This argument is without merit.
IV. Sufficiency of the Evidence
In his second and third arguments, petitioner contends that the hearing officer's findings of fact were not supported by competent evidence, and the findings of fact do not support the conclusion of law that Officer Pereira had reasonable grounds to believe petitioner had committed an impaired driving offense. We disagree.
A. Standard of Review
Several cases from this Court have cited to Gibson v. Faulkner, 132 N.C.App. 728, 732–33, 515 S.E.2d 452, 455 (1999), for support of the following standard of review: on appeal to this Court, the trial court's findings of fact are conclusive if supported by competent evidence, even though there may be evidence to the contrary, and we review whether the trial court's findings of fact support its conclusions of law de novo. See, e.g., Hartman v. Robertson, 208 N.C.App. 692, 694, 703 S.E.2d 811, 813 (2010); Steinkrause v. Tatum, 201 N.C.App. 289, 291–92, 689 S.E.2d 379, 381 (2009), aff'd per curiam364 N.C. 419, 700 S.E.2d 222 (2010) (per curiam). This standard of review was appropriate “where the trial judge sits as the trier of fact.” Gibson, 132 N.C.App. at 732, 515 S.E.2d at 455.
However, effective 1 December 2006, the legislature amended N.C. Gen.Stat. § 20–16.2(e) deleting the provision allowing for de novo review in the superior court. 2006 N.C. Sess. Laws, ch. 253, § 15. Section 16.2(e) now provides that:
The superior court review shall be limited to whether there is sufficient evidence in the record to support the Commissioner's findings of fact and whether the conclusions of law are supported by the findings of fact and whether the Commissioner committed an error of law in revoking the license.
N.C. Gen.Stat. § 20–16.2(e) (2011). Thus, on appeal from a DMV hearing, the superior court sits as an appellate court, and no longer sits as the trier of fact. Accordingly, our review of the decision of the superior court is to be conducted as in other cases where the superior court sits as an appellate court. Under this standard we conduct the following inquiry: “(1) determining whether the trial court exercised the appropriate scope of review and, if appropriate, (2) deciding whether the court did so properly.” ACT–UP Triangle v. Comm'n for Health Servs., 345 N.C. 699, 706, 483 S.E.2d 388, 392 (1997). We previously rejected a standard of review that was the same standard as that the superior court employed, stating “the statutory provisions for judicial review of agency action at the trial court level would appear to lack purpose if that court's determination is to be given no consideration at the appellate level.” Amanini v. N.C. Dep't of Human Res., 114 N.C.App. 668, 676, 443 S.E.2d 114, 119 (1994). We hold that these cases provide the appropriate standard of review for this Court under the amended provisions of N.C. Gen.Stat. § 20–16.2.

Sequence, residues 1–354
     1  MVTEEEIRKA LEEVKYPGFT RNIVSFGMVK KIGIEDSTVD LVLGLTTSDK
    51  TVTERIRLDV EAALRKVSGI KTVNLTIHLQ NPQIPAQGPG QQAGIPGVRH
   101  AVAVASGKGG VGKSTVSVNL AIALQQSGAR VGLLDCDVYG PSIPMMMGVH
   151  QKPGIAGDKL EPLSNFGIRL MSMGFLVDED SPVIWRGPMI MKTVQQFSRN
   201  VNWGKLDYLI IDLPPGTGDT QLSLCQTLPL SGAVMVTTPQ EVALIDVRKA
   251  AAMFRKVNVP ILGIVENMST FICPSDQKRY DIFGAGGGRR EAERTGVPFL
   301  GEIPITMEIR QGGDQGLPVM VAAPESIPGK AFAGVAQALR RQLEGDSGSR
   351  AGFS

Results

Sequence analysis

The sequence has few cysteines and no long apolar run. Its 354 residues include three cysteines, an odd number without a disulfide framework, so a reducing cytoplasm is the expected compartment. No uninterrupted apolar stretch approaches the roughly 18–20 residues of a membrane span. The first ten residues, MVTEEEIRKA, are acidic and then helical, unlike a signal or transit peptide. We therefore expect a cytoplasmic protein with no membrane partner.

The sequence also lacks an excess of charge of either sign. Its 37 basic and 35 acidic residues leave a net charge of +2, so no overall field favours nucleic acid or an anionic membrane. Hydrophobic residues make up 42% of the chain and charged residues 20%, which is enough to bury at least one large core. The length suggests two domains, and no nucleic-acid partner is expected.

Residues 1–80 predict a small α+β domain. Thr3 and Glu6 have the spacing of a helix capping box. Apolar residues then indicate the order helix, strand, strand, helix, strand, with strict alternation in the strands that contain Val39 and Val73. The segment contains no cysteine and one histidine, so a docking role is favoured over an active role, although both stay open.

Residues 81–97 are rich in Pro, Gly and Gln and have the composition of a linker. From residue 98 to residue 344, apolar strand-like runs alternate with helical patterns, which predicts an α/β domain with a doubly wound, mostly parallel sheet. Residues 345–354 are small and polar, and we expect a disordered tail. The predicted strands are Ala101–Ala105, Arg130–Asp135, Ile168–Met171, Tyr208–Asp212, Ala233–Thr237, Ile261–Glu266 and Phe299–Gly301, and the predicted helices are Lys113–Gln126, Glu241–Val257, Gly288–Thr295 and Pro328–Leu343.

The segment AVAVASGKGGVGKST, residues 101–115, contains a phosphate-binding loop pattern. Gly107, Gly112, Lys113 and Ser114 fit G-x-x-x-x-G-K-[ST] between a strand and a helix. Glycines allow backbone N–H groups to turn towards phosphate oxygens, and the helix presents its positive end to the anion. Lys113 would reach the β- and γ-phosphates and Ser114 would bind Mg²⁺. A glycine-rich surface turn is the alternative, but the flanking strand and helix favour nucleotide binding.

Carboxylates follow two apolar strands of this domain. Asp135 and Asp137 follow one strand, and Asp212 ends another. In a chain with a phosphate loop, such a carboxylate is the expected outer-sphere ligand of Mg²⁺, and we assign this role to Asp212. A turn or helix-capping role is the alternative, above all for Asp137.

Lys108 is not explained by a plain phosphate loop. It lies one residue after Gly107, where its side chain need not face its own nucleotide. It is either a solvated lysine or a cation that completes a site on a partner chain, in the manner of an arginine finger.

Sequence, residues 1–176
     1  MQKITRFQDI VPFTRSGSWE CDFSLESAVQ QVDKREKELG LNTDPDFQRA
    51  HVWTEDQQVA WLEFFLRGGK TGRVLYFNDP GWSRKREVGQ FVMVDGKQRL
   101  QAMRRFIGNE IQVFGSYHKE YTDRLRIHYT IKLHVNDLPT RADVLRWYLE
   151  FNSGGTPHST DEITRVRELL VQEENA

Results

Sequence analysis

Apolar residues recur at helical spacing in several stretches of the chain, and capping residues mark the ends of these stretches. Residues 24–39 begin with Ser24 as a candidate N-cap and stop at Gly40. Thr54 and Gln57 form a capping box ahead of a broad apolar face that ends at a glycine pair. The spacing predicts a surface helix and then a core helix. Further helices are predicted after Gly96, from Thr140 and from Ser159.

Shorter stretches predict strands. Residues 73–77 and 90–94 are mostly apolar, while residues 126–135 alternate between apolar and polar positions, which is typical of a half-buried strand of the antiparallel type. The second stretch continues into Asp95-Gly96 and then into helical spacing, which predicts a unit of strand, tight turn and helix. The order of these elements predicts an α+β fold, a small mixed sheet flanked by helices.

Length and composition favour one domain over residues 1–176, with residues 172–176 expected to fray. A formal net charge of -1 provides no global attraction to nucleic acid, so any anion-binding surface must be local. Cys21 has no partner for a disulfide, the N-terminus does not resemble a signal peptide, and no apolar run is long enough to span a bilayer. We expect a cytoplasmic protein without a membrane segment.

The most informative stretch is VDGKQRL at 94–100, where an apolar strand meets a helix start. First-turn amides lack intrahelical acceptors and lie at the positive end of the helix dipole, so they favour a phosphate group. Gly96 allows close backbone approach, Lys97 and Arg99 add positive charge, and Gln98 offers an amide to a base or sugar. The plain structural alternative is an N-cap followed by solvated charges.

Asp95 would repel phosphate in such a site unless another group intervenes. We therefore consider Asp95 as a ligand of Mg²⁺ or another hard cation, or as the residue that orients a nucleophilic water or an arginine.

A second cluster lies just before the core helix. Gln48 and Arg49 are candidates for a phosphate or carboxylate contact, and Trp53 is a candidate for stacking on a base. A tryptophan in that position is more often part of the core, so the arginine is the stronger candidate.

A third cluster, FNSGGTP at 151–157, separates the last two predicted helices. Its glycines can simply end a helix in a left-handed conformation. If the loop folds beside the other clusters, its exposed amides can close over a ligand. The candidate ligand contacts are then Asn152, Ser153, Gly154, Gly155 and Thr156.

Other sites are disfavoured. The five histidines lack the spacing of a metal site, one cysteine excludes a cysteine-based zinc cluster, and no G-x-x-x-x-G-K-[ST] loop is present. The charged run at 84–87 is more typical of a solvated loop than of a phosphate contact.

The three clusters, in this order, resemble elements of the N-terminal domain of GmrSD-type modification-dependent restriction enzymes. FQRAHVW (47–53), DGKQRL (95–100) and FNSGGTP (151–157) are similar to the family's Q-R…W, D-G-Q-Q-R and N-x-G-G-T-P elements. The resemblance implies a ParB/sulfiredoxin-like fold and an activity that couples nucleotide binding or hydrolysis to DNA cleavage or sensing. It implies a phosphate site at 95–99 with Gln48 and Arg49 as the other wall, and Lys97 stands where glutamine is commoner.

In the instant case, the record indicates that the superior court employed the correct standard of review since the order affirming the decision of the hearing officer cites N.C. Gen.Stat. § 20–16.2(e) and states the proper standard: “[t]his Court does not conduct a de novo review of the facts and instead reviews the record to determine whether there is sufficient evidence in the record to support the Commissioner's findings of fact....” We must now determine whether the trial court properly conducted this review.
After reviewing the record, we conclude that the trial court correctly determined that there was sufficient evidence in the record to support the Commissioner's findings of fact and that its conclusions of law are supported by the findings of fact. We affirm the revocation of petitioner's driver's license.
This argument is without merit.